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Publication numberUS7655366 B2
Publication typeGrant
Application numberUS 11/762,144
Publication dateFeb 2, 2010
Filing dateJun 13, 2007
Priority dateJun 13, 2007
Fee statusLapsed
Also published asDE602008002473D1, EP2003495A1, EP2003495B1, US20080311489
Publication number11762144, 762144, US 7655366 B2, US 7655366B2, US-B2-7655366, US7655366 B2, US7655366B2
InventorsPeter M. Kazmaier, Gabriel Iftime, Tyler B. NORSTEN
Original AssigneeXerox Corporation
Export CitationBiBTeX, EndNote, RefMan
External Links: USPTO, USPTO Assignment, Espacenet
Inkless reimageable printing paper and method
US 7655366 B2
Abstract
An image forming medium includes a substrate and an imaging layer coated on or impregnated into a substrate, where the imaging layer is formed of an imaging composition that includes a solvent or a polymeric binder, and a photochromic material selected from substituted fulgides and substituted dithienylethenes, dissolved or dispersed in the solvent or polymeric binder, and where the imaging composition exhibits a reversible homogeneous-heterogeneous transition between a colorless state, an intermediate colorless or colored erasable state, and a final colored stable state, the photochromic material converting from the colorless state to the colored stable state upon irradiation with light of a first wavelength and converting from the colored stable state to the colorless state upon exposure to heat and light.
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Claims(22)
1. A method of forming an image, comprising:
providing an image forming medium comprising:
a substrate; and
an imaging layer coated on or impregnated into said substrate, wherein the imaging layer comprises an imaging composition comprising a solvent or a polymeric binder, and a photochromic material selected from the group consisting of substituted fulgides and substituted dithienylethenes, dissolved or dispersed in said solvent or polymeric binder,
wherein the solvent or polymeric binder and the photochromic material are selected so that:
the imaging composition exhibits a reversible homogeneous-heterogeneous transition between a colorless state, an intermediate colorless or colored erasable state, and a final colored stable state,
the photochromic material converts from the colorless state to the colored stable state upon irradiation with light of a first wavelength,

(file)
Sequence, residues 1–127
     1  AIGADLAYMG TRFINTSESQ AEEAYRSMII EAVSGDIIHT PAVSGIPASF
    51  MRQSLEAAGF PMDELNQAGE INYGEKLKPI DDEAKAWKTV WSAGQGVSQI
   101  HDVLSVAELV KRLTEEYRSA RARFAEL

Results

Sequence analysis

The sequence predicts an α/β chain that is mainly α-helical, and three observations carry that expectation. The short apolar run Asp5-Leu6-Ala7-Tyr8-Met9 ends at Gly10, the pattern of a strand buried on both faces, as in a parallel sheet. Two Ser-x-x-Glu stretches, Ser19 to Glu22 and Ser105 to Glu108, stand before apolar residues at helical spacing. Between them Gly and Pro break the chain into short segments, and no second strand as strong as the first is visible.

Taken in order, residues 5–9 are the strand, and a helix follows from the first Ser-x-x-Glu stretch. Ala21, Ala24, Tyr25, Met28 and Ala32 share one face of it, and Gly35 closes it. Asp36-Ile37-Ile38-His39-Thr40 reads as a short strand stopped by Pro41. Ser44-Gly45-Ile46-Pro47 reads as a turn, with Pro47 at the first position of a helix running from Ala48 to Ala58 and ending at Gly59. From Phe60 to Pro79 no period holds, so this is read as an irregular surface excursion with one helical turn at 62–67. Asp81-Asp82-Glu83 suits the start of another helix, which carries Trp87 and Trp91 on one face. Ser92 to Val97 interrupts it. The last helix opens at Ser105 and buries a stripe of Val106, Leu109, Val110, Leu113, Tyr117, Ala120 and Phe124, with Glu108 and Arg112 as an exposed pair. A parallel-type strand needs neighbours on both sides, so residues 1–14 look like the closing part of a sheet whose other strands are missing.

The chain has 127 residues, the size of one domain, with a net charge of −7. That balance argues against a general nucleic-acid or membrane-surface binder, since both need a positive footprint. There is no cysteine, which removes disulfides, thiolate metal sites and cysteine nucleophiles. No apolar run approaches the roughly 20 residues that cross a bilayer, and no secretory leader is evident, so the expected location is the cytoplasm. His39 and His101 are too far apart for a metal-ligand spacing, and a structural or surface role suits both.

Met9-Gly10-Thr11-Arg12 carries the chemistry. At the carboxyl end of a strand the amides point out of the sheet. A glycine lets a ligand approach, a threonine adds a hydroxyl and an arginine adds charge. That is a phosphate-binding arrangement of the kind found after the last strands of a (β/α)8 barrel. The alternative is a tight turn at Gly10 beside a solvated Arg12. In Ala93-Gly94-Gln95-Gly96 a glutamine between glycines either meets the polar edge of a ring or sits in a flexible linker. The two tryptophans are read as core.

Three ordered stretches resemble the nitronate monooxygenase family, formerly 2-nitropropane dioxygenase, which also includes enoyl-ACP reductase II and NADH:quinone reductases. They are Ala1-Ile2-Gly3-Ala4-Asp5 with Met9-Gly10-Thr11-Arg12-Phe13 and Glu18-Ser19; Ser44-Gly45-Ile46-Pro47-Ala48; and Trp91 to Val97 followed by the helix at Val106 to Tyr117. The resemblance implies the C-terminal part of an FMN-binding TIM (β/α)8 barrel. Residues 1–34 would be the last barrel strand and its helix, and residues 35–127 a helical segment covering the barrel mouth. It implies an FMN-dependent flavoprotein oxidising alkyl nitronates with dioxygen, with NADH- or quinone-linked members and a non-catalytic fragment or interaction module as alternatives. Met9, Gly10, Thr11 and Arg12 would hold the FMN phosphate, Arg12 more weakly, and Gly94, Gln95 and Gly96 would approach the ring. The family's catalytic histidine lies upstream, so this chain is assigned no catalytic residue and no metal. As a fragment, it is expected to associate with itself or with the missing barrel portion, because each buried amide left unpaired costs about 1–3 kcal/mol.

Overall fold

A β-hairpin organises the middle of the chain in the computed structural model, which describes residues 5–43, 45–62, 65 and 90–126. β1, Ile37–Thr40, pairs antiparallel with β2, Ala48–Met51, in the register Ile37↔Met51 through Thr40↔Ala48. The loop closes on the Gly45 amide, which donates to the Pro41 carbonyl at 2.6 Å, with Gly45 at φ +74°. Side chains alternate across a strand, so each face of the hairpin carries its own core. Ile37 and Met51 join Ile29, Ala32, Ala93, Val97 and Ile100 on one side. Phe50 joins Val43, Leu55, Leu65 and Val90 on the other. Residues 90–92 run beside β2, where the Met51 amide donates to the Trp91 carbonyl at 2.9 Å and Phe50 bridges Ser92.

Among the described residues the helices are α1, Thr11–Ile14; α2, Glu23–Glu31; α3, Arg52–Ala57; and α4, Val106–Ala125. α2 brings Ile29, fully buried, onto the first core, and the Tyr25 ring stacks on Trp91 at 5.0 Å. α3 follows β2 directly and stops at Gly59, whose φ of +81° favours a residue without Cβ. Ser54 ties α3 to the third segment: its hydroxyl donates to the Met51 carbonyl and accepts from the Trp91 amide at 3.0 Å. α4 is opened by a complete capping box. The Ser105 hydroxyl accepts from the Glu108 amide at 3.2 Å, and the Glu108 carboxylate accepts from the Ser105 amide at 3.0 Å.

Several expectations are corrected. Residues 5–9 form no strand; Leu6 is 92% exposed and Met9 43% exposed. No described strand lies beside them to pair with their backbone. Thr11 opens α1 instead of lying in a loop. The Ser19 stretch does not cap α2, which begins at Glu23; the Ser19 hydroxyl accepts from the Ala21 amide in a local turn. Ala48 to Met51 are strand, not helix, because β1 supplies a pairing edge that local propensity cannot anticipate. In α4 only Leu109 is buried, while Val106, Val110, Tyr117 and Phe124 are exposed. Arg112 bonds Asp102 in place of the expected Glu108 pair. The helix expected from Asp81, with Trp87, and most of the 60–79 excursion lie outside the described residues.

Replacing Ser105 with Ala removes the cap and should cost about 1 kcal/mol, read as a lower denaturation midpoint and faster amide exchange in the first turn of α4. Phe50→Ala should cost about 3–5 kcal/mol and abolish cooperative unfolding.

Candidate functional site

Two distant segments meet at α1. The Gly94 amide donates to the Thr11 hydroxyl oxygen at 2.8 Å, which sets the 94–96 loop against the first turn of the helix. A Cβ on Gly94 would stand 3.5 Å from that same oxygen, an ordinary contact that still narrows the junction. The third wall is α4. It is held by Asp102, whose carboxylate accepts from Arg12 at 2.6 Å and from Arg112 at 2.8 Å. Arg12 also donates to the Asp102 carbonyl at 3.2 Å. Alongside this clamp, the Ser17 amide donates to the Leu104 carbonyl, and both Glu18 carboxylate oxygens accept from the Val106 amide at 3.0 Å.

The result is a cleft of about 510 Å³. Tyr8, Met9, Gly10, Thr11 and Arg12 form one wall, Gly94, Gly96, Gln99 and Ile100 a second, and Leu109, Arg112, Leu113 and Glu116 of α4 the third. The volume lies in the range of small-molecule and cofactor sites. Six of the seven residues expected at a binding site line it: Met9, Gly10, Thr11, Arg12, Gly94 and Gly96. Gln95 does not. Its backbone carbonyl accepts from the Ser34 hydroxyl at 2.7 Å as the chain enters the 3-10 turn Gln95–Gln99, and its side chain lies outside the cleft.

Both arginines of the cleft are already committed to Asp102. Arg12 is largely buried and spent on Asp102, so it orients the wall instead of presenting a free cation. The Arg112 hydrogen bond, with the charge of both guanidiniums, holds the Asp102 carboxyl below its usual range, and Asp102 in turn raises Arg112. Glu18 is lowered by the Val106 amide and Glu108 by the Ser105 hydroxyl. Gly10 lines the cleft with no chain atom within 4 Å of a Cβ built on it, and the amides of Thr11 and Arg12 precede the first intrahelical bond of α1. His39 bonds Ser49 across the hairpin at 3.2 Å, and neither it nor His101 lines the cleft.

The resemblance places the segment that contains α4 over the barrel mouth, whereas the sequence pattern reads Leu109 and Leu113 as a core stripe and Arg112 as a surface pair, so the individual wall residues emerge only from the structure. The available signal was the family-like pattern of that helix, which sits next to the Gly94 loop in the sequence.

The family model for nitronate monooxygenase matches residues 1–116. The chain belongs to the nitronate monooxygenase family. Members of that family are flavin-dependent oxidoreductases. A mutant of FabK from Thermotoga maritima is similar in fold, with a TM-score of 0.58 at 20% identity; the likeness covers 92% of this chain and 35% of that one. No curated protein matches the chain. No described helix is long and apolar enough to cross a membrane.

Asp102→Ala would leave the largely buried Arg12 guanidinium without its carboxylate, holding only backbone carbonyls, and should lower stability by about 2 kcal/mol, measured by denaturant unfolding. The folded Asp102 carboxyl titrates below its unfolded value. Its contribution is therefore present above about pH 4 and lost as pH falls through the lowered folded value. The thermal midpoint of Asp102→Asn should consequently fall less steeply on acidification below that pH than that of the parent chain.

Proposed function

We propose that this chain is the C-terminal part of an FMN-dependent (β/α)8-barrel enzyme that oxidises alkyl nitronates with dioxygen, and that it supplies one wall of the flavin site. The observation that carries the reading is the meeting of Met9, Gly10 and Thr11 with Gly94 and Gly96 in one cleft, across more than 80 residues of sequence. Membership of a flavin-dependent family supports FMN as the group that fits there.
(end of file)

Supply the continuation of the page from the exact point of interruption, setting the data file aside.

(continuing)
the photochromic material converts from the colored stable state to the colorless state upon exposure to heat and light;
the photochromic material is dissolved or dispersed in the solvent or polymeric binder when the photochromic material is in its colorless state, and
the photochromic material is precipitated or phase separated from the solvent or polymeric binder as aggregates when the photochromic material is in its colored stable state; and
exposing the image forming medium to UV irradiation of a first wavelength in an imagewise manner to form a visible image for a time period ranging from about 10 milliseconds to about 5 minutes at an intensity ranging from about 0.1 mW/cm2 to about 100 mW/cm2.
2. The method of claim 1, further comprising:
exposing the image forming medium bearing said image to light irradiation of a second wavelength, with heating, wherein said light irradiation causes said photochromic material to change from the colored stable state to the colorless state; and
repeating the step of exposing the image forming medium to the UV irradiation of a first wavelength in an imagewise manner at least one additional time.
3. An image forming medium, comprising
a substrate; and
an imaging layer coated on or impregnated into said substrate, wherein the imaging layer comprises an imaging composition comprising:
a solvent or a polymeric binder, and
a photochromic material selected from the group consisting of substituted fulgides and substituted dithienylethenes, dissolved or dispersed in said solvent or polymeric binder;
wherein the solvent or polymeric binder and the photochromic material are selected so that:
the imaging composition exhibits a reversible homogeneous-heterogeneous transition between a colorless state, an intermediate colorless or colored erasable state, and a final colored stable state;
the photochromic material converts from the colorless state to the colored stable state upon irradiation with light of a first wavelength;
the photochromic material converts from the colored stable state to the colorless state upon exposure to heat and light;
the photochromic material is dissolved or dispersed in the solvent or polymeric binder when the photochromic material is in its colorless state; and
the photochromic material is precipitated or phase separated from the solvent or polymeric binder as aggregates when the photochromic material is in its colored stable state.